The Ningbo Intermediate People's Court of China sentenced Chinese-born Swedish national Gui Minhai to 10 years in prison on Monday, February 24. He was sentenced on charges of illegally providing intelligence overseas. He was arrested by Chinese authorities, on two occasions in the past--in 2015 and 2018. Gui Minhai is a bookseller, who was previously based in Hong Kong and published books, critical of the Chinese leadership.
Gui Minhai sentenced to 10 years in prison
He was sentenced on charges of providing intelligence to overseas parties, Reuters reported. He has also been sentenced to a five-year 'deprivation of political rights', thus he won't be able to lead state-owned enterprises or hold positions in state organs.
The Swedish book-seller got his Chinese citizenship reinstated in 2018, but it isn't clear if he had given up his Swedish citizenship. Chinese law doesn't allow dual citizenship. The court said in its statement that Gui agreed with the verdict and will not appeal.
Case of Gui Minhai
Gui was among the five Hong Kong booksellers, affiliated to Causeway Bay Books, which sold political gossip titles. He disappeared in 2015 while holidaying in Thailand. He reappeared in mainland China, video-taped, in which he confessed his crimes, which included involvement in a fatal traffic accident and smuggling illegal books. In his video, Gui was shown blaming Sweden for "sensationalizing" his case and "instigating" law-breaking behaviour.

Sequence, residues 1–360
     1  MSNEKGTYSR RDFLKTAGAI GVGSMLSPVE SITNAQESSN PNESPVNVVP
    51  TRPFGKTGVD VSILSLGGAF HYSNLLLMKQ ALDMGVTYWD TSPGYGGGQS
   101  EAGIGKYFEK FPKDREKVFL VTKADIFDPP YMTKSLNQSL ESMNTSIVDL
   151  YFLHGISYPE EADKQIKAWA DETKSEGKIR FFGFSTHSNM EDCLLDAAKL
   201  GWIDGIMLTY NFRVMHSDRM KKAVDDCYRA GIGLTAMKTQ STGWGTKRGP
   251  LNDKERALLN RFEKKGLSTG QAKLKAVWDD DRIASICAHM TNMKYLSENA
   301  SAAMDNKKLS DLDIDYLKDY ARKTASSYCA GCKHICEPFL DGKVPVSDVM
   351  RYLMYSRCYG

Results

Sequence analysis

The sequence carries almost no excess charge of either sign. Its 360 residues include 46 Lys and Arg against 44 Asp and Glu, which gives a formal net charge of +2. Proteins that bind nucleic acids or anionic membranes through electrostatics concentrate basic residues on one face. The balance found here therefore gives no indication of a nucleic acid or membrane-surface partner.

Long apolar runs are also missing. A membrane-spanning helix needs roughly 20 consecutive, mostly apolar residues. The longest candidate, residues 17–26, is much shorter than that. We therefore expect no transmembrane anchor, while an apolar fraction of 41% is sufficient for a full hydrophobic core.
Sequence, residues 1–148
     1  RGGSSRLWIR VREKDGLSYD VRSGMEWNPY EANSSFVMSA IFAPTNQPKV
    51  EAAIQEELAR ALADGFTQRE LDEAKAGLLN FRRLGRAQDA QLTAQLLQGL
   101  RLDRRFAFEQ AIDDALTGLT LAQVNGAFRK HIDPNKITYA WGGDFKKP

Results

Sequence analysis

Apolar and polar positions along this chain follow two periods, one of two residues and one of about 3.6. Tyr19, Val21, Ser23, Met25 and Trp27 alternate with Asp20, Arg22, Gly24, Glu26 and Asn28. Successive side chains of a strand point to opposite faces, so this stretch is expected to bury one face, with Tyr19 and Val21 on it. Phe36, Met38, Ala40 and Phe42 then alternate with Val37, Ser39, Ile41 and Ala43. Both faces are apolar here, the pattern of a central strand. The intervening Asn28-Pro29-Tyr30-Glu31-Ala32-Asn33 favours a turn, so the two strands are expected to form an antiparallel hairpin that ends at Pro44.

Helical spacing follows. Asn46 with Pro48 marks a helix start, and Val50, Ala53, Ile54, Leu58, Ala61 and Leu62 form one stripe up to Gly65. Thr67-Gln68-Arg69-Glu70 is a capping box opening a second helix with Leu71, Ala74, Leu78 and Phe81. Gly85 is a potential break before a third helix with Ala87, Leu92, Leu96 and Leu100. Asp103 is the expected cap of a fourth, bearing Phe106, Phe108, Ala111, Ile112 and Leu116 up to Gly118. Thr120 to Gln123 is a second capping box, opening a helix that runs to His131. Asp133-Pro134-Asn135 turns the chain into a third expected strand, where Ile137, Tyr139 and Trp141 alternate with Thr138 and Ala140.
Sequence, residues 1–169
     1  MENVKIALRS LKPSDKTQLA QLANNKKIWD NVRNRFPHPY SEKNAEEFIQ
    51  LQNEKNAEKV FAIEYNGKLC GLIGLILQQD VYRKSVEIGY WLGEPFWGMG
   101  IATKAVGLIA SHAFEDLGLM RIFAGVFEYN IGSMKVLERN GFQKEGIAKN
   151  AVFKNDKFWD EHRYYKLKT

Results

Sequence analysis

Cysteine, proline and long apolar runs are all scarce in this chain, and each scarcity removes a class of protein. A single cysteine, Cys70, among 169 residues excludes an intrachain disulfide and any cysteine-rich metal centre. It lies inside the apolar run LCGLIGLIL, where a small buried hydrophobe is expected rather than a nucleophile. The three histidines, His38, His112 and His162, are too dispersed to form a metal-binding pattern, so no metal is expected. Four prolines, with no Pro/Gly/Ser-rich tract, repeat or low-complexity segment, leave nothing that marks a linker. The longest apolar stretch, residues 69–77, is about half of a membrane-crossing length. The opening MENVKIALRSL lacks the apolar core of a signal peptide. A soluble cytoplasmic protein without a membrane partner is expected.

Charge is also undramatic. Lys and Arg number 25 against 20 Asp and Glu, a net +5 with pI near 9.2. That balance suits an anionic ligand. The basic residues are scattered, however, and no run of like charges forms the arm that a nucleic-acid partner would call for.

Having been released in October, 2017, he was arrested again in 2018, while he was travelling to capital Beijing, along with some Swedish diplomats, to seek medical help. The current prison sentence comes after his 2018 arrest. His family and friends have been held, his long detainment is part of political repression orchestrated by Chinese authorities, AFP reported.
China's criminal, Sweden's Tucholsky Prize awardee
Last year, Gui was conferred with Tucholsky prize given by Swedish PEN, a decision that angered China, which threatened Sweden of possible consequences. The prize is named after German writer Kurt Tucholsky, who fled Nazi Germany and took refuge in Sweden. Angered, China alleged that the prize conferred to Gui was due to "ulterior political agenda and consistent biases and hostility against China" and called it a "mockery of genuine freedom of speech".
Despite China's pressure to withdraw its decision, Sweden went forward with the ceremony, with an empty chair on stage, marking Gui's absence. "We are not going to give in to this type of threat," Swedish Prime Minister Stefan Lofven, had said then. "Never. We have freedom of expression in Sweden and that's how it is, period," he added.